wind & lecture :)

Wed 8 Dec 2010 10:25
15:14N 51:48w

We are now fully in area 'Quebec', which in roughly 180 Miles at 55W will start to be called Romeo, weather zones as defined by the ARC organization. Our zone has a forecast of 12 to 23 knots, and in reality the wind is a bit higher, without real gusts, the wind vaies all the time between 20 and 27 knots. The forecast for today is higher, 23 to 27 knots, and we expect a rough ride. Tomorrow morning before lunch, we expect to have reached our final zone, Romeo, where the forecast is a hanful knots lower again. This probbaly means we can hoist the PARASAILOR, and see if we can get the 'sock' down, thus releasing the whole sail. In the storm yesterday, we could see the sail was wrapped and it took a lot of manual force to pull the sock from the top down. With the amount of wind and the size of the PARASAILOR (170m2 sail), there is no way we can get the sail back in order outside, nor inside the cockpit, so we are waiting for lesser wind. Then with a bit of luck, ikt will just unfold and unwrap, after which we will try and keep it up till St Lucia.

Sailing downwind without the PARASAILOR means we are moving to the left and right a lot, and sometimes quite significant, so much that the side of the boat goes underwater (which typically means boat inventory starts to fall out of pockets and lockers open. The Autopilot cannot deal with this amount of 'rolling' so handsteering is the solution. But that also is very tiring, and in combination with the storm night yesterday and the consequent lack of sleep, we are all a bit, bla!

But, the sun just came up, the wave look spectectular and the coffee is good :) E and A arfe on shift again, and of course we are trying to break the Velocity Made Good record of 32 Miles (you can sail in all directions to speed up and the boat will be changing heading a lot, there is current and leeway (the boat drifting sideways opposite the wind direction), but practically, the VMG measures how much closer you come to the target). So, on the displays inside and outside, VMG is what is monitored and logged in the SHIPSLOG. The VMG, in combination with the Distance To Finish allows us to calculate what date and even time indication we thinnk we will make landfall. If we only had a better Polar diagram of the boat (a matrix showing the boaty speed, as a result of wind speed and wind direction), the Maxsea software on board could do a better job calculating a more realistic ETA. We use the Maxsea report to verify our own interpretation of the ARC weather forecast and the grib files, so we are not just blindly following the software advise, but it would be nice if we could :)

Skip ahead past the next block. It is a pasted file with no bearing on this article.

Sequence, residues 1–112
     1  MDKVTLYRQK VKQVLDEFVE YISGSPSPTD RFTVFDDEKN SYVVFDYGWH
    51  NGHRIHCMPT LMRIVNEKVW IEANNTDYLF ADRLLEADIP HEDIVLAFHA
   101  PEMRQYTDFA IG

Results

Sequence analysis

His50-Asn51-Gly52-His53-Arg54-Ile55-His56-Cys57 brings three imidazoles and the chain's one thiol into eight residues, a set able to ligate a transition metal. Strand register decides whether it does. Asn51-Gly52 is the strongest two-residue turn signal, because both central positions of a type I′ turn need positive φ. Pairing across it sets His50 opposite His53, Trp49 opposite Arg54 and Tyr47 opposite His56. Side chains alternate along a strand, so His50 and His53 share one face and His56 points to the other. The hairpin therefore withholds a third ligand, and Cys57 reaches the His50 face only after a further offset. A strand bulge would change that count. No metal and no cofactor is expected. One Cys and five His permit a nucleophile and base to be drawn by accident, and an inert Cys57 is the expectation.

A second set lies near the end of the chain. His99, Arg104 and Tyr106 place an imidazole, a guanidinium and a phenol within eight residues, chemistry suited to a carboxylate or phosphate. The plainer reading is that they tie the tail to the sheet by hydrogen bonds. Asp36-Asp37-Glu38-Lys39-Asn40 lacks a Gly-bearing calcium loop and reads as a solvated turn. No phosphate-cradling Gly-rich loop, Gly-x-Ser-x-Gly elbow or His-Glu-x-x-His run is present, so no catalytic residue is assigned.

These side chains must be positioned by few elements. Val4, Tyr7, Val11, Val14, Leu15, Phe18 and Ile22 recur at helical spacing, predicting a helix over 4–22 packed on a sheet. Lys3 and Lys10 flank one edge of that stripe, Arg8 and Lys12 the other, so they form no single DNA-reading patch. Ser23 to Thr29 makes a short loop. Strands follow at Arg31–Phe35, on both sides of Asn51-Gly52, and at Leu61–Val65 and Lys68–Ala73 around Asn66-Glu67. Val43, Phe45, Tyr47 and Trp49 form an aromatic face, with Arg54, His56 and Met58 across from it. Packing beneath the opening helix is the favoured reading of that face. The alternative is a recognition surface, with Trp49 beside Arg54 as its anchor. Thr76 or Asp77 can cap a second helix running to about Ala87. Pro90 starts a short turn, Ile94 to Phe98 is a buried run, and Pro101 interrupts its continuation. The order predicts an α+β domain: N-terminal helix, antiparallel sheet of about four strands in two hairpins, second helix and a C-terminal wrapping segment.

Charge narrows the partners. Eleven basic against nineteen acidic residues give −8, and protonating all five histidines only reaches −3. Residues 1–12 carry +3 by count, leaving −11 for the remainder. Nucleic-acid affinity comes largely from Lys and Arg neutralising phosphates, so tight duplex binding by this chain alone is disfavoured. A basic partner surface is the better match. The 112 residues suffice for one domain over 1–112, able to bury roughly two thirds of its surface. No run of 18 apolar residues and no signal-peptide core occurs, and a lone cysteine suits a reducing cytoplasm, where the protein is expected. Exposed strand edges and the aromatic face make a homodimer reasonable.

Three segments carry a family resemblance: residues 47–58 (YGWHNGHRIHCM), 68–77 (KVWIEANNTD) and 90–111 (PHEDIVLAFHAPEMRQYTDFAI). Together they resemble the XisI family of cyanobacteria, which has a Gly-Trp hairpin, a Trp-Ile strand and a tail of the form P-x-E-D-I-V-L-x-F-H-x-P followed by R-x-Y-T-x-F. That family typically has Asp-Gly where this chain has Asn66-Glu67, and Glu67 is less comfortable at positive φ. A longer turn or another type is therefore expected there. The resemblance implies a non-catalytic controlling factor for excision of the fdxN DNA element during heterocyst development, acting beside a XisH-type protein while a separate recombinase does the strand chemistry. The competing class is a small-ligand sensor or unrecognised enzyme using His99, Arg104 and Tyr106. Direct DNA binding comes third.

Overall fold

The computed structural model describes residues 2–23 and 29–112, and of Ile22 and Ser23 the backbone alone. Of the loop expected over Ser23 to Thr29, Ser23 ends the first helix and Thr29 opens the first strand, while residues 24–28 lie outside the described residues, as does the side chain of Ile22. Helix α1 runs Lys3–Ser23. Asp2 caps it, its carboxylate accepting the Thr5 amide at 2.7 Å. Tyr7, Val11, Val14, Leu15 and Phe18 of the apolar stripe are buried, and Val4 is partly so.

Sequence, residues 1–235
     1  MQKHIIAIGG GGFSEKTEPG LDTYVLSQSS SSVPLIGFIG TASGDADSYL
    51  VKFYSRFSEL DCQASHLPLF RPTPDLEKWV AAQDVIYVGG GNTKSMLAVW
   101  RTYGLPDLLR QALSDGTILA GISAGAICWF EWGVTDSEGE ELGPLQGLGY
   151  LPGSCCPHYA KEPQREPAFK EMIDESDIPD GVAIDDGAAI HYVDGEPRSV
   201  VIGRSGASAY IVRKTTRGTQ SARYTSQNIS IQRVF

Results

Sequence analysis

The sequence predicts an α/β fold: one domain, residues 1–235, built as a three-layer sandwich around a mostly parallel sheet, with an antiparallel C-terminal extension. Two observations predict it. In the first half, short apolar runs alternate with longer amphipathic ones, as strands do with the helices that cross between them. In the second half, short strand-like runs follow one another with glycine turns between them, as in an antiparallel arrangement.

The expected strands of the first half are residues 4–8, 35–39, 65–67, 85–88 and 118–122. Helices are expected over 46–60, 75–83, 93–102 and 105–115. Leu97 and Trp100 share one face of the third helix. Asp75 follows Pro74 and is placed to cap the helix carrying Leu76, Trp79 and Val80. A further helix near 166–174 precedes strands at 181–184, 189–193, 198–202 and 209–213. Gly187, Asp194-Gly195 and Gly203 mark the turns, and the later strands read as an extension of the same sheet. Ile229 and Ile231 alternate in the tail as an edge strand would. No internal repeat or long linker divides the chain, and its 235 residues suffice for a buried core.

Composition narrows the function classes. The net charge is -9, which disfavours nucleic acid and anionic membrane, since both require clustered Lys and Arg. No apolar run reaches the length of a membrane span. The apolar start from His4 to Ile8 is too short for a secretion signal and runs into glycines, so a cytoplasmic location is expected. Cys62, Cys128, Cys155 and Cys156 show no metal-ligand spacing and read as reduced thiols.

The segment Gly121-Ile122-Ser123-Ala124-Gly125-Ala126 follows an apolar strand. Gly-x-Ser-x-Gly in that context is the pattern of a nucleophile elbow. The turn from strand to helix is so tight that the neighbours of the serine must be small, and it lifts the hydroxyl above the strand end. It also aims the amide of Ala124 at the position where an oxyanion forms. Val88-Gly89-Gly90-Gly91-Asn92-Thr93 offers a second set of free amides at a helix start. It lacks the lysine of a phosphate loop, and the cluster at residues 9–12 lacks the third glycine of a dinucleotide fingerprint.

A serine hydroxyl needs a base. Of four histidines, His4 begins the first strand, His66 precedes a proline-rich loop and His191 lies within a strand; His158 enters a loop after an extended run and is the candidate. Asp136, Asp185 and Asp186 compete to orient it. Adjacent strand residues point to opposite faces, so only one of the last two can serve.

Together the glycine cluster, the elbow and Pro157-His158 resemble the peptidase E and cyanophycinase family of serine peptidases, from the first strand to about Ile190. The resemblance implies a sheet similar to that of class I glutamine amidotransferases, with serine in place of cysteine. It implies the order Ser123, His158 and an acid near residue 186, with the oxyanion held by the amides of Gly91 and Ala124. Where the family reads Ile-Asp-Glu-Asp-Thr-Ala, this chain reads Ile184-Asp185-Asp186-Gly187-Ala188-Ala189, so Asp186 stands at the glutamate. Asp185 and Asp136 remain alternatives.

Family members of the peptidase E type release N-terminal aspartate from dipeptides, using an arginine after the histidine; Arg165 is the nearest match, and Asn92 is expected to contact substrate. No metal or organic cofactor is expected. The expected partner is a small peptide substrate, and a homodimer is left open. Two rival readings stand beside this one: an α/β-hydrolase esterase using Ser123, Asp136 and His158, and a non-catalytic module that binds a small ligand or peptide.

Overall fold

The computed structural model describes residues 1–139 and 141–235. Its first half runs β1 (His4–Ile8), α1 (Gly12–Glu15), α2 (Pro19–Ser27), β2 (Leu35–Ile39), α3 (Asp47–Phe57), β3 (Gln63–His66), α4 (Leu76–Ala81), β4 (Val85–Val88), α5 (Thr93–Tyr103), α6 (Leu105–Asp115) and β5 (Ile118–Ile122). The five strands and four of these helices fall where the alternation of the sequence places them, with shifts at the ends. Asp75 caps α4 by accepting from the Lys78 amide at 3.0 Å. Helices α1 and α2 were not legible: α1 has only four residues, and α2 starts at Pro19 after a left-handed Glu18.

The Mahi Mahi E caught yesterday was consumed with joy, thanks to E's secret sauce recipe, something of which I am only allowed to share outside this boat the basic ingredient is honey... The food & drinks are still in ample supply, and it looks like we can donate the excess to the victims of the hurricane in St Lucia, although this is not yet concluded, we may just drink the alcohol and eat all peanuts

Thanks for the responses we received on the weather, how to prepare the 'Geep' and possible use of the PARASAIILOR, keep it coming! The feedback and messages have become part of the daily 'captains briefing', in which also the weather, routing, race position, strategy and progress is discussed, so, important.

Lastly, we just learnt that team B, who are now traveling to the Caribbean have made a succesful trip to the UK, where they have stranded overnnight. Presumably they continue their trip today, and we are making avery effort to personally pick them up from the airport in St Lucia :)